In miles 13-17, I could tell I was slowing more and more and the business I couldn't do earlier....yeah, if you're going to do something new on race day, blowing your entire cushion of time for a several minute pit stop in the port-a-john at mile seventeen is not something I'd put at the top of the list. On the upside, I felt so much better to have finally cleared the plumbing. But, not where I needed to be timewise with the big hill on the course coming, and no more downhill to get that free help from gravity. I climbed the hill feeling frustrated that I'd pretty much paced entirely wrong for this course, and that a factor that has never, ever hampered me had made such a dent in the day. Oh well, suck it up and trudge on. I passed folks with "May The Fourth Be With You," "May The Course Be With You," and "Your Feet Hurt Because You Are Kicking Ass!" signs and embraced the energy. 

Then, that big hill came that Kevin mentioned. It was long, not steep, but just kept coming. I felt okay other than knowing that I was slowing down when I didn't need to put myself at a more of a deficit, and digging myself a hole on any chance at a BQ. I was having moments of "screw this," when I came through the aid station at 20 miles. That popular song, "Home," came on, precisely on the verse that gets repeated multiple times. Settle down, it'll all be clear. Don't pay no mind to the demons, they fill you with fear. It was the roundhouse kick in the ass I needed then. Heading out of that aid station, I got out of my head that I was going to rack up my third personal worst in a row and just started running again in the moment. Maybe I could pull something out of my ass to BQ, maybe not, but I wasn't going to roll over and give up.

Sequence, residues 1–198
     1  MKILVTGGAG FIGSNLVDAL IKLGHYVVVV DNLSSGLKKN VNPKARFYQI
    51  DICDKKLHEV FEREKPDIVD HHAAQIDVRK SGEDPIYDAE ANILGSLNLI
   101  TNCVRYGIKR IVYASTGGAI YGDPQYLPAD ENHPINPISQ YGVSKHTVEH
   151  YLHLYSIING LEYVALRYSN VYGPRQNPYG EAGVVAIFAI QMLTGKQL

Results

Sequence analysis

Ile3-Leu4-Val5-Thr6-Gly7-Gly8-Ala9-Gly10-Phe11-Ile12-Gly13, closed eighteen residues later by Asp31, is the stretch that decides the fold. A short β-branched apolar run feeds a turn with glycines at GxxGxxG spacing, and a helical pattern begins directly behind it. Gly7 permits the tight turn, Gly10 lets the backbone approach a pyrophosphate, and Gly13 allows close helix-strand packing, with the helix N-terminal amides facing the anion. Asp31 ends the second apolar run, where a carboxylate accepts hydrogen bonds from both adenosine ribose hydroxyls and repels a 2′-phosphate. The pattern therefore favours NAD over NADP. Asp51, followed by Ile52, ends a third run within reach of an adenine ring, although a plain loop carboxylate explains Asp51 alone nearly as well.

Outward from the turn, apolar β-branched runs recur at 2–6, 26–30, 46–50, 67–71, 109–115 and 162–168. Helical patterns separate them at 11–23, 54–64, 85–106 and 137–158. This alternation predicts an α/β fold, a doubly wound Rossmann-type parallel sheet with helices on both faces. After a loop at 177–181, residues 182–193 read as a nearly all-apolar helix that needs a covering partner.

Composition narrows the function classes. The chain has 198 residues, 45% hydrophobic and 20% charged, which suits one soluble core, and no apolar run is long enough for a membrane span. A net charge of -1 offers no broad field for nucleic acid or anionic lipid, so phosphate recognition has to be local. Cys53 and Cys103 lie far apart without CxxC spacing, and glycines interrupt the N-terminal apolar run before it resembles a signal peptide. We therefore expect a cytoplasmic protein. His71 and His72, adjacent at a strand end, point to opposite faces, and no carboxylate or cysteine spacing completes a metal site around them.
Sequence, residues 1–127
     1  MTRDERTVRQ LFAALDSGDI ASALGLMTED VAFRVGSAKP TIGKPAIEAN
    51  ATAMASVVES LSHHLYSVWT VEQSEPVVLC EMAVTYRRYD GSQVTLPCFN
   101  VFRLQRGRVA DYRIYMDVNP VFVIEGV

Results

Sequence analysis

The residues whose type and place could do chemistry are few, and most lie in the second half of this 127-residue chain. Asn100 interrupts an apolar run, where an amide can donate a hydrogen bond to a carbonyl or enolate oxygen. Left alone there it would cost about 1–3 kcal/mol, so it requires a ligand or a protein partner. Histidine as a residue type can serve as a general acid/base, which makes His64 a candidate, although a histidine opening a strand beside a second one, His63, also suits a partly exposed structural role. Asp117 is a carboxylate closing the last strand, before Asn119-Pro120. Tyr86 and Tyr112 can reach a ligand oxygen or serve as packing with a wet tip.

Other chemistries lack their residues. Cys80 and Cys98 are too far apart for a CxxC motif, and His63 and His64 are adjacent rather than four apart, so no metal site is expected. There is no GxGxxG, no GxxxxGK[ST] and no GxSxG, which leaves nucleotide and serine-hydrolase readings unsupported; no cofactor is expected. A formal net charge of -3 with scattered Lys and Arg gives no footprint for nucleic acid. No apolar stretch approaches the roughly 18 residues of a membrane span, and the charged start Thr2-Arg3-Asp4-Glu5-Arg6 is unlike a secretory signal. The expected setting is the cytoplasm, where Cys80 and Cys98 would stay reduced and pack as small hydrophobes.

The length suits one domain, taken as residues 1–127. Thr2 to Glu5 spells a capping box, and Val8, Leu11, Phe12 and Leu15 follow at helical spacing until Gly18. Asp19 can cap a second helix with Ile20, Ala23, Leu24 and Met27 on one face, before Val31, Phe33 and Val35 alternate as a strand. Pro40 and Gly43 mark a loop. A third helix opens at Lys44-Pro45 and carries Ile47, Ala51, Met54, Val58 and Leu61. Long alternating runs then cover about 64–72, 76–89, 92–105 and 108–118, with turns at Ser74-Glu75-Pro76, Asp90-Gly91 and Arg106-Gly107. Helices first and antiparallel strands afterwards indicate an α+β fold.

We then entered what I will now lovingly refer to as the barren wasteland section of this course. Canyonlands has the "on the highway" two miles that I'll NEVER complain about again after the "concrete path under the powerlines with sand and scrub and no soul" section of course at the Colorado Marathon. It sucked.

I was tired, and tried stopping once or twice here, only to kick my own ass and make myself start running again after a few walking steps. That was only going to prolong the time out here. This eventually gave way to a section with a few trees and more people, and then a long, wooden bridge that I realized was suspension once I felt it moving under me. My gut immediately started rearing up again. I thought I was going to puke...for real. Again, something new. I have never had motion sickness but something about that bridge swaying gently was not awesome for me in that moment.